Menopause

Here's something from Women'sHealth.gov

Menopause is the point in time when a woman's menstrual periods stop. Menopause happens because the ovaries stop producing the hormones estrogen and progesterone. Once you have gone through menopause, you can't get pregnant anymore. Some people call the years leading up to a woman's last period menopause, but that time actually is the menopausal transition, or perimenopause.

During the time of the menopausal transition (perimenopause), your periods can stop for a while and then start again. Therefore, the only way to know if you have gone through menopause is if you have not had your period for one year. (And it's not menopause if your periods stop for some other reason, like being sick.) The average age of menopause is 51, but for some women it happens as early as 40 or as late as 55.

After you go through menopause, you are considered in the post-menopausal stage of your life. Your female hormones won't go up and down the way they used to with your periods. They will stay at very low levels.

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Here's something from A.D.A.M. Medical Encyclopedia

Menopause is time in a woman's life when her periods (menstruation) eventually stop and the body goes through changes that no longer allow her to get pregnant. It is a natural event that normally occurs in women age 45 - 55.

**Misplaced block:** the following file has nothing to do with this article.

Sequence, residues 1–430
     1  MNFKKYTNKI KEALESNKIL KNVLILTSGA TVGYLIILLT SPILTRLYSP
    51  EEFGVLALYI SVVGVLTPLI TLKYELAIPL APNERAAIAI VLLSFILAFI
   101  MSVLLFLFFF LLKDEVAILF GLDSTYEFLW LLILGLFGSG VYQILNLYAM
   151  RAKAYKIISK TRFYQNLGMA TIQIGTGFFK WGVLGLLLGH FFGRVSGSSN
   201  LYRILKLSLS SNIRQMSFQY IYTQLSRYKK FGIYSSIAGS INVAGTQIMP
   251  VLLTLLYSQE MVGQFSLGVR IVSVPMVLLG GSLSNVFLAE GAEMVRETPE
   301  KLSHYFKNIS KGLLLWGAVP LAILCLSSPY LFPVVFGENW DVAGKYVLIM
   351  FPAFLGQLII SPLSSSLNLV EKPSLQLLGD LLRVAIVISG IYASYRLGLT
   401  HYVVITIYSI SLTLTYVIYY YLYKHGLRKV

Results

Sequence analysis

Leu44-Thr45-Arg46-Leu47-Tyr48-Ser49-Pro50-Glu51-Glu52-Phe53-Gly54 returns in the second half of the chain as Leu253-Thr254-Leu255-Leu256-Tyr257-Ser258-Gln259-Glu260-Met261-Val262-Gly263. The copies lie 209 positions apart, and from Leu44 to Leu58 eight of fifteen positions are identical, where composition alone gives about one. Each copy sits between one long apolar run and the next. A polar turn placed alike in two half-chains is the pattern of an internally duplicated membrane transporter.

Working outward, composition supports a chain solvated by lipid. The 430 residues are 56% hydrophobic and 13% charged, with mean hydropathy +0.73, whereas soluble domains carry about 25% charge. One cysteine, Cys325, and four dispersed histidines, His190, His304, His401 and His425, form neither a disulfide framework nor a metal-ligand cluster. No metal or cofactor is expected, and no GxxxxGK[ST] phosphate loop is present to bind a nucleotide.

Causes, incidence, and risk factors
During menopause, a woman's ovaries stop making eggs and they produce less estrogen and progesterone. Changes in these hormones cause menopause symptoms. Periods occur less often and eventually stop. Sometimes this happens suddenly. But most of the time, periods slowly stop over time.

Menopause is complete when you have not had a period for 1 year. This is called postmenopause. Women who are postmenopausal can no longer get pregnant.

Surgical menopause is when medical treatments cause a drop in estrogen. This can happen if your ovaries are removed or if you receive chemotherapy or hormone therapy for breast cancer.

Symptoms
Symptoms vary from woman to woman. They may last 5 or more years. Some women may have worse symptoms than others. Symptoms of surgical menopause can be more severe and start more suddenly.

The first thing you may notice is that your periods start to change. They might occur more often or less often. Some women might get their period every 3 weeks. This might last for 1 - 3 years before the periods completely stop.

Common symptoms of menopause include:
Menstrual periods that occur less often and eventually stop
Heart pounding or racing
Hot flashes, usually worst during the first 1 - 2 years
Night sweats
Skin flushing
Sleeping problems (insomnia)

Other symptoms of menopause may include:
Decreased interest in sex, possibly decreased response to sexual stimulation
Forgetfulness (in some women)
Headaches
Mood swings including irritability, depression, and anxiety
Urine leakage
Vaginal dryness and painful sexual intercourse
Vaginal infections
Joint aches and pains
Irregular heartbeat (palpitations)